White enrolled in a Church History course at his university and begin reading the writings of Origen and Augustine. He then read Introduction to Christianity by Joseph Ratzinger, whose emphasizing the combination of philosophy and theology was very appealing to White. He began reading more modern Roman Catholic theologians such as Balthasar, Rahner, de Lubac and John Paul II, in whose writings he found a deep continuity with the Church Fathers. Then during his senior of college, White read John Henry Newman, came to view the Roman Catholic Church as the historic faith and converted to Roman Catholicism.

White began pursuing his MPhil in patristic theology at Oxford where he discovered Aquinas and was trained in Aristotelian and Thomistic thought. White describes Aquinas as a “deeply grounded philosophical realist, a deeply grounded theological realist, and a mystic; it’s a very powerful combination” (70). For White, Aquinas offered a unified system for understanding all of reality within the context of the Roman Catholic Church. According to White,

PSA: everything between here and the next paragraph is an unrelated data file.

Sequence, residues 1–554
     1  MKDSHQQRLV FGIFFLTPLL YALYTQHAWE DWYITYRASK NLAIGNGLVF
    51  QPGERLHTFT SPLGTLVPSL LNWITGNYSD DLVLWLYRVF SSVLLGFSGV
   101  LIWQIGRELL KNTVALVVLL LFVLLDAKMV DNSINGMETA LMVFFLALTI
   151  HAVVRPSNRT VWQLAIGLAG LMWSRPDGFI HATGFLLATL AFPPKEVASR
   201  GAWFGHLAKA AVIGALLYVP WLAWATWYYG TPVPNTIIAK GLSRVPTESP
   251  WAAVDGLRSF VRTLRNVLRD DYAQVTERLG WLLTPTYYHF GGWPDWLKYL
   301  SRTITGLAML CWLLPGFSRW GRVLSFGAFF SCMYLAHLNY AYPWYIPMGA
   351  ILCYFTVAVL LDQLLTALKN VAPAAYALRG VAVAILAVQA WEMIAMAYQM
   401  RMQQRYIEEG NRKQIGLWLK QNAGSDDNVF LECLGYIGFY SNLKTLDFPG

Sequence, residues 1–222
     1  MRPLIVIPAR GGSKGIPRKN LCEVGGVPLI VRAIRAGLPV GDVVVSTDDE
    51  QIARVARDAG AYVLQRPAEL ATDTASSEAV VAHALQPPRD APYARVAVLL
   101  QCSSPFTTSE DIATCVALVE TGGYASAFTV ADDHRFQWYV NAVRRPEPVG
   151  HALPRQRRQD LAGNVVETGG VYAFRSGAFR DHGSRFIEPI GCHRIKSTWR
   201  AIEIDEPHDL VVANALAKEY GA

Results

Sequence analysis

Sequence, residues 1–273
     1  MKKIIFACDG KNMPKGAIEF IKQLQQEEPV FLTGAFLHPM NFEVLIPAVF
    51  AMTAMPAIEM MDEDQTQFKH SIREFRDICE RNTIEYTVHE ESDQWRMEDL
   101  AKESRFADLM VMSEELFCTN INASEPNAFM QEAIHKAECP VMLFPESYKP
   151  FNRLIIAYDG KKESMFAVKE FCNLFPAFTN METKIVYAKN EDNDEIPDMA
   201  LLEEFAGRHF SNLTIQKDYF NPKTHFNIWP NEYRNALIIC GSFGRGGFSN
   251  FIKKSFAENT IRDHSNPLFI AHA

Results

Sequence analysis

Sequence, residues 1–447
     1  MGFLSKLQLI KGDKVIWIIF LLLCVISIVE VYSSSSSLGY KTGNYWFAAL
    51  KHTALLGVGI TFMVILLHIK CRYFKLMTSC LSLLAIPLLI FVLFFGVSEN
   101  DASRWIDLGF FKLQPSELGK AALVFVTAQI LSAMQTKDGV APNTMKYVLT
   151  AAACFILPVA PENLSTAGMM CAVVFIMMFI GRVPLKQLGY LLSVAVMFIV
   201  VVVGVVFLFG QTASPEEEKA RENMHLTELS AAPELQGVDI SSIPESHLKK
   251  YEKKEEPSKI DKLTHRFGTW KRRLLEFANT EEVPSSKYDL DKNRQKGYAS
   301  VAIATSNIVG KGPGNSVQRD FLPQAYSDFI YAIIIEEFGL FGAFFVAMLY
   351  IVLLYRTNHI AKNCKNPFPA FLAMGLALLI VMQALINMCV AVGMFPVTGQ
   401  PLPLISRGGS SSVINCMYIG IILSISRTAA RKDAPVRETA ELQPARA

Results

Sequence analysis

St. Thomas’s philosophy of nature, metaphysics, understanding of the human person, epistemology, logic, and ethics make sense even independently of divine revelation while being deeply compatible with it. He also articulates an understanding of revelation which assimilates his realistic philosophical approach to the world (71).

In other words, for Fr. White, Aquinas’ philosophical and theological framework offers a unified system for understanding all of reality and that can be fully experienced within the sacramental economy of the Roman Catholic Church. A complete package rooted in an ancient intellectual tradition is very attractive to intellectuals on a quest for spiritual truth.[10]